NIAGARA FALLS, N.Y. — Schools across the Empire State, and the nation, are doubling down on STEM education as well as clubs and organizations.
One Western New York middle school is making it ultra-competitive, heading to the VEX Robotics World Championship. This year they’re calling the competition "Slapshot."
This version looks much less like the 1977 hockey movie classic and a little bit more like K’Nex.
"We design and build robots to meet a certain performance so we can do all these tasks on the field," said seventh-grader Dominic Condino, who is part of the only teams from his grade to make it to the world competition.
Like any other contest, there are rules.
"There's 45 pucks on the field and we want to clear all of them out," said eighth-grader Aiden Chase. "To get a point for every puck we cleared to get our highest score possible we try to shoot them into the purple blue and green zone."
Seventh and eighth graders from around the globe making these whirring, shooting and reaching robots from scratch. Of course, not without some trial and error.
"This is like our 10th robot actually," Chase added. "Through the designs, like we use prototypes to see like what was best at grabbing the blue tower, what's best at grabbing the yellow tower what's best at grabbing like the purple tower."
Most of the school year has been spent competing and revising.
"When something goes wrong, I do this in the journal," said eighth-grader Mikayla Parise. "We state three possible solutions to the problem and then we kind of go through all of them and we see which solution works best. One of our problems was that we didn't pass inspection because one of the pieces on our robot was too far out. So we had to move that piece in, just imagine that problem was fixed."
At the end of the day, four teams from LaSalle Prep alone are heading to Dallas to show their stuff with a reputation of hardware to uphold. It's part of what brings some students in.
"I was debating between going to a few different schools and then this was one I really wanted to go to because my brother went here, but also because of robotics going into this. We are this is a very competitive program," said eighth-grader Lillian Misterkiewicz. "We're always top-ranked one of the top-ranked teams in the world, at least one of us is."
Of course, it’s not all about the trophies and banners.
"It teaches me a lot of life skills," said Condino. "It teaches me a lot even teamwork when working with other teams. We have to build strategies and talk to them, be able to communicate what we want to do and what they can do on their own."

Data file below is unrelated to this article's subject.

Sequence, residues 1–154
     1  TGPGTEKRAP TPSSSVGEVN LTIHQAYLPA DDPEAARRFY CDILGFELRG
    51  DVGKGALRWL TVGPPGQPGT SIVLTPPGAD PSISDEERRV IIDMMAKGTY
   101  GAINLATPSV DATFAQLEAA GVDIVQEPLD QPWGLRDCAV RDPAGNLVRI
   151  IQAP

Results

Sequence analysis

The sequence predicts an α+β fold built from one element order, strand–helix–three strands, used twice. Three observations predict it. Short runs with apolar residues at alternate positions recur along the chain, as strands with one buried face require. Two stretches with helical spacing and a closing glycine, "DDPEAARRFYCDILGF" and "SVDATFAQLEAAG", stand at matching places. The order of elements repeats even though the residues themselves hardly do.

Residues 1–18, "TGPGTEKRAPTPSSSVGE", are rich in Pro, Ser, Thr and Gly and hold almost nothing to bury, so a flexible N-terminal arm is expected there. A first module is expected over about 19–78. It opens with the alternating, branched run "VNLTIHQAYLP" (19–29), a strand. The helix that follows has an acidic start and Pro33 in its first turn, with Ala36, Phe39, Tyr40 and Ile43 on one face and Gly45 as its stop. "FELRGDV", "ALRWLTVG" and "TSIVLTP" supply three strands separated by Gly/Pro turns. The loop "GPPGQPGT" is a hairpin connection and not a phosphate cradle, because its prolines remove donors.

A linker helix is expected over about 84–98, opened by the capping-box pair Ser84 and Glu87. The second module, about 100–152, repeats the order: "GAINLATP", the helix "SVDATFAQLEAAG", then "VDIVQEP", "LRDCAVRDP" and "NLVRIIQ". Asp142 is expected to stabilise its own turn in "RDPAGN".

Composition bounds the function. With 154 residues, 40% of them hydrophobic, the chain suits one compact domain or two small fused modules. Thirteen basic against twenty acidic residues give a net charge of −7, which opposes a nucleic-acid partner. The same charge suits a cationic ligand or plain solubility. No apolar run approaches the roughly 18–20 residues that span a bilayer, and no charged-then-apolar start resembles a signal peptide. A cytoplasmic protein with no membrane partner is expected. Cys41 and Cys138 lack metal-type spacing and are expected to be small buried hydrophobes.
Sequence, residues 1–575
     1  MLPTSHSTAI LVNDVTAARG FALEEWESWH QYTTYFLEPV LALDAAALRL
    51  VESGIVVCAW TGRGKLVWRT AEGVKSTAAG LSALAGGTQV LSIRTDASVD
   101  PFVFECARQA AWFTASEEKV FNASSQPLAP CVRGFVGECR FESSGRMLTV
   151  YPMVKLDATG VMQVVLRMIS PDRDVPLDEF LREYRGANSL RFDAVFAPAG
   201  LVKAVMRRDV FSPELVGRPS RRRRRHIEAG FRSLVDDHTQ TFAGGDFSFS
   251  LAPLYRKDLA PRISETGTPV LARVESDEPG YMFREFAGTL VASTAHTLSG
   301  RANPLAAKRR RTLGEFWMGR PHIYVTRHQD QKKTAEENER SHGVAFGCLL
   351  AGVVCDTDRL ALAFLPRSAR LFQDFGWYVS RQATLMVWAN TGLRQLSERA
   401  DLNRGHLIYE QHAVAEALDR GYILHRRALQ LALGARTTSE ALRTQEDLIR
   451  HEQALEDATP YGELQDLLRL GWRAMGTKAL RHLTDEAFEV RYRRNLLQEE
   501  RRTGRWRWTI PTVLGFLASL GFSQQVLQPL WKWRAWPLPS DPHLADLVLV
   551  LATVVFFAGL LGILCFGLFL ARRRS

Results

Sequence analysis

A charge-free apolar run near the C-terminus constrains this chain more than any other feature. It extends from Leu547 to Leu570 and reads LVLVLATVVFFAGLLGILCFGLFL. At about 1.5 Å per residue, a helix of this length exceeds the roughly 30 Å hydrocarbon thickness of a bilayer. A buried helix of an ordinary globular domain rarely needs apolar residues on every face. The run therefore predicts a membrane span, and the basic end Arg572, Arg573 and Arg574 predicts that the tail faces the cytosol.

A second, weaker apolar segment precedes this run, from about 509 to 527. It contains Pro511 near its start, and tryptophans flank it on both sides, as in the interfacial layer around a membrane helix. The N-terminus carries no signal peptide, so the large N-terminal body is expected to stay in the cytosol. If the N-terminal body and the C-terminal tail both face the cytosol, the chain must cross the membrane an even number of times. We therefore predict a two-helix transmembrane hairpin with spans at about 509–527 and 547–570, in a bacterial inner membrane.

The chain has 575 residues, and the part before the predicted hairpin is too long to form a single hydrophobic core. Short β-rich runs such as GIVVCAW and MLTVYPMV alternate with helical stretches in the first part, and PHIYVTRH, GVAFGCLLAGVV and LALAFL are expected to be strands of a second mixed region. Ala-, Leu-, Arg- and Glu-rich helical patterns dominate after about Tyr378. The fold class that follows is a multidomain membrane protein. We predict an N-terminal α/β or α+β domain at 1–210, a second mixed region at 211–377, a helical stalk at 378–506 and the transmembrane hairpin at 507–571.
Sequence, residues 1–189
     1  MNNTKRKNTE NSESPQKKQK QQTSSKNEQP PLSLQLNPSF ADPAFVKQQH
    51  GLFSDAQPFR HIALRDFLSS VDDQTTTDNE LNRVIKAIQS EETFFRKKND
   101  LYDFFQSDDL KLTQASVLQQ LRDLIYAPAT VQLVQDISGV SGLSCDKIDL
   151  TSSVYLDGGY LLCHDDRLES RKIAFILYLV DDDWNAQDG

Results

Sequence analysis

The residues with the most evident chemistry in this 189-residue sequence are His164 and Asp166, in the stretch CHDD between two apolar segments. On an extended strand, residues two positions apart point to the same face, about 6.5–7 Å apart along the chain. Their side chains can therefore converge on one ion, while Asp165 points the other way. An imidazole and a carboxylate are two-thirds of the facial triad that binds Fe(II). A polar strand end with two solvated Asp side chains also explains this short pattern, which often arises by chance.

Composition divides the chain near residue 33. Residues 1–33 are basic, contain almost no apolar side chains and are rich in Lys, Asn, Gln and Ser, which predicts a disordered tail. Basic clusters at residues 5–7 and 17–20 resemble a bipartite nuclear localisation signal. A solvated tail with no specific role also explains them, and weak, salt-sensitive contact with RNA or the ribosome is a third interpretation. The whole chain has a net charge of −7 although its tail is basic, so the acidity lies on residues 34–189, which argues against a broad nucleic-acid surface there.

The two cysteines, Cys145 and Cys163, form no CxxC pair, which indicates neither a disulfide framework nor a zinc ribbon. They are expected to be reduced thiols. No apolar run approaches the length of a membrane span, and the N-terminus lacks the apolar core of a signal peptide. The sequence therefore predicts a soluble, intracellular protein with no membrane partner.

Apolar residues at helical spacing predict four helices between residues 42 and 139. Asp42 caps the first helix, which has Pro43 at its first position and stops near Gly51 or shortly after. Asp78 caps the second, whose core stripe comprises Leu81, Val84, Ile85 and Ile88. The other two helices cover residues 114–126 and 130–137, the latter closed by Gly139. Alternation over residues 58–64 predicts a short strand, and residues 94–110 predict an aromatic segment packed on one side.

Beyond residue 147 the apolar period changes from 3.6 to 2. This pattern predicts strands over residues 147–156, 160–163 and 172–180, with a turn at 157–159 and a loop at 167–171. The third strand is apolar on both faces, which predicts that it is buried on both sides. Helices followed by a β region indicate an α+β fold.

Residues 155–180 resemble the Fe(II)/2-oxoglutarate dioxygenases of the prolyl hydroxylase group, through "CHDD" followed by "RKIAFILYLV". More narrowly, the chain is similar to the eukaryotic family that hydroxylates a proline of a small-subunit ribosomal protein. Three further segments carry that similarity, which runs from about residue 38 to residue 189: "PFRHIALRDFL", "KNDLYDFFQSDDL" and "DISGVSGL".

The personal growth of these kids is not lost on the adults in the room.
"Through experience, they've spent 500 hours building a robot, that's insane. And for them it's they just love doing it," said one of the program advisors Michael McGrath.
"We know that after a year of already doing this, that if we really put our minds to it and if we try hard then we come down here and put hours into our work that we will succeed and will come as far as we did," added eighth-grader Analie Copeland.
The dedication that’s backed by this school district in Western New York.
"It's not cheap," McGrath added. "It's a lot of time. And we're lucky that we have kids that want to spend sometimes five hours a day doing robotics."
The Robotics teams and staff hope showing what they can do on the national stage will inspire other districts to offer support so other kids can get in on the game.
"Something like this if they could find the staff to do it. Again, what the kids get out of it is just phenomenal," said the original club's founder Edward Wisniewski. "It's just one other way that they get exposed to something they want to do.
But for now, these kids have a trip from Niagara Falls to the Lone Star state to kick some ro-butts.
"I think I just want to have a lot of fun with it because we don't know what's going to happen next year," added Parise. "We don't know if we're gonna make it again next year. So if this is the last year I make it I want it to be really fun."
The team from LaSalle Prep heads out this weekend to compete in Dallas over the course of five days. The VEX Robotics World Championship is hosting several levels and varying competitions over the course of these games. Advisors for this say the skills these kids have makes them not only almost ready for the tech workforce in some situations, but some recruiters from tech companies regularly attend competitions when recruiting for years out.